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Wage inequality and demand for skill: Evidence from five decades

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  • Chinhui Juhn
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    Abstract

    Using the 1940-90 Censuses, the author examines long-run changes in male wage inequality and skill premiums and investigates the extent to which shifts in observable measures of skill supply and demand can account for relative wage fluctuations across decades. A simple supply and demand framework is reasonably successful in accounting for movements in the education premium but is less successful in explaining changes in overall wage inequality. While the difference between the 90th and 10th percentiles of the log wage distribution fell sharply in the 1940s and grew at an accelerating rate in the 1980s, relative demand for the most versus the least skilled workers rose steadily throughout the period. The pace of industrial change and, in particular, the expansion of medium-skilled sectors such as blue-collar manufacturing appear to have been inversely related to overall wage inequality growth. (Abstract courtesy JSTOR.)

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    Bibliographic Info

    Article provided by ILR Review, Cornell University, ILR School in its journal ILR Review.

    Volume (Year): 52 (1999)
    Issue (Month): 3 (April)
    Pages: 424-443

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    Handle: RePEc:ilr:articl:v:52:y:1999:i:3:p:424-443

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    Cited by:
    1. Claudia Goldin & Lawrence F. Katz, 1999. "Education and Income in the Early 20th Century: Evidence from the Prairies," NBER Working Papers 7217, National Bureau of Economic Research, Inc.
    2. Paul Beadry & Paul Beaudry & David A. Green & Ben Sand, 2013. "The great reversal in the demand for skill and cognitive tasks," STICERD - Public Economics Programme Discussion Papers 22, Suntory and Toyota International Centres for Economics and Related Disciplines, LSE.
    3. Fang, Chen-ray & Huang, Li-hsuan & Wang, Ming-cheng, 2008. "Technology spillover and wage inequality," Economic Modelling, Elsevier, vol. 25(1), pages 137-147, January.
    4. Hynninen, Sanna-Mari & Ojala, Jari & Pehkonen, Jaakko, 2013. "Technological change and wage premiums: Historical evidence from linked employer–employee data," Labour Economics, Elsevier, vol. 24(C), pages 1-11.
    5. Lefter, Alexandru & Sand, Benjamin M., 2011. "Job Polarization in the U.S.: A Reassessment of the Evidence from the 1980s and 1990s," Economics Working Paper Series 1103, University of St. Gallen, School of Economics and Political Science.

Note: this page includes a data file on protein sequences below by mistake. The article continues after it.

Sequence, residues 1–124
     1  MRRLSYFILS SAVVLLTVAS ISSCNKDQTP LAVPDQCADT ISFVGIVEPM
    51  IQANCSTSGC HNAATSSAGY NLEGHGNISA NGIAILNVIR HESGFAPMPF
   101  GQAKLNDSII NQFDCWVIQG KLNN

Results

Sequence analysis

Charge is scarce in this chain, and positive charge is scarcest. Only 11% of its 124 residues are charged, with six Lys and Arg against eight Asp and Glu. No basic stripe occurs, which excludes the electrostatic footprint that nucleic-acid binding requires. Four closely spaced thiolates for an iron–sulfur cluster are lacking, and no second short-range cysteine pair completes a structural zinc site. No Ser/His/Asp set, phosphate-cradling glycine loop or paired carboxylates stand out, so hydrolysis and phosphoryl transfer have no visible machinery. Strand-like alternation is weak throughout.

6. Wolff, Edward N., 2001. "The Impact of IT Investment on Income and Wealth Inequality in the Postwar US Economy," Working Paper Series UNU-WIDER Research Paper , World Institute for Development Economic Research (UNU-WIDER).
    7. David Autor & Frank Levy & Richard Murnane, 2003. "The skill content of recent technological change: an empirical exploration," Proceedings, Federal Reserve Bank of San Francisco, issue Nov.
    8. Wojciech Kopczuk & Emmanuel Saez & Jae Song, 2007. "Uncovering the American Dream: Inequality and Mobility in Social Security Earnings Data since 1937," NBER Working Papers 13345, National Bureau of Economic Research, Inc.
    9. Bernhard Boockmann & Viktor Steiner, 2006. "Cohort effects and the returns to education in West Germany," Applied Economics, Taylor & Francis Journals, vol. 38(10), pages 1135-1152.
    10. Anabela Carneiro & José Varejão, 2012. "Establishment Turnover and the Evolution of Wage Inequality," CEF.UP Working Papers 1202, Universidade do Porto, Faculdade de Economia do Porto.
    11. Jose Varejao & Anabela Carneiro, 2005. "Plant Turnover and the Evolution of Regional Inequalities," ERSA conference papers ersa05p709, European Regional Science Association.
    12. Maarten Goos & Alan Manning, 2003. "Lousy and Lovely Jobs: the Rising Polarization of Work in Britain," CEP Discussion Papers dp0604, Centre for Economic Performance, LSE.
    13. Budd, John W. & McCall, Brian P., 1999. "Decomposing Changes In Retail Food Wage Distributions, 1983-1998: A Semi-Parametric Analysis," Working Papers 14327, University of Minnesota, The Food Industry Center.
    14. Claudia Goldin & Lawrence F. Katz, 1999. "The Returns to Skill in the United States across the Twentieth Century," NBER Working Papers 7126, National Bureau of Economic Research, Inc.
    15. Theresa M. Glomb & John D. Kammeyer-Mueller & Maria Rotundo, . "Emotional Labor Demands and Compensating Wage Differentials," Working Papers 0802, Human Resources and Labor Studies, University of Minnesota (Twin Cities Campus).
    16. John W. Budd & Brian P. McCall, 2001. "The Grocery stores wage distribution: A semi-parametric analysis of the role of retailing and labor market institutions," Industrial and Labor Relations Review, ILR Review, Cornell University, ILR School, vol. 54(2), pages 484-501, March.
    17. Wang, Ming-cheng & Fang, Chen-ray & Huang, Li-hsuan, 2009. "International knowledge spillovers and wage inequality in developing countries," Economic Modelling, Elsevier, vol. 26(6), pages 1208-1214, November.

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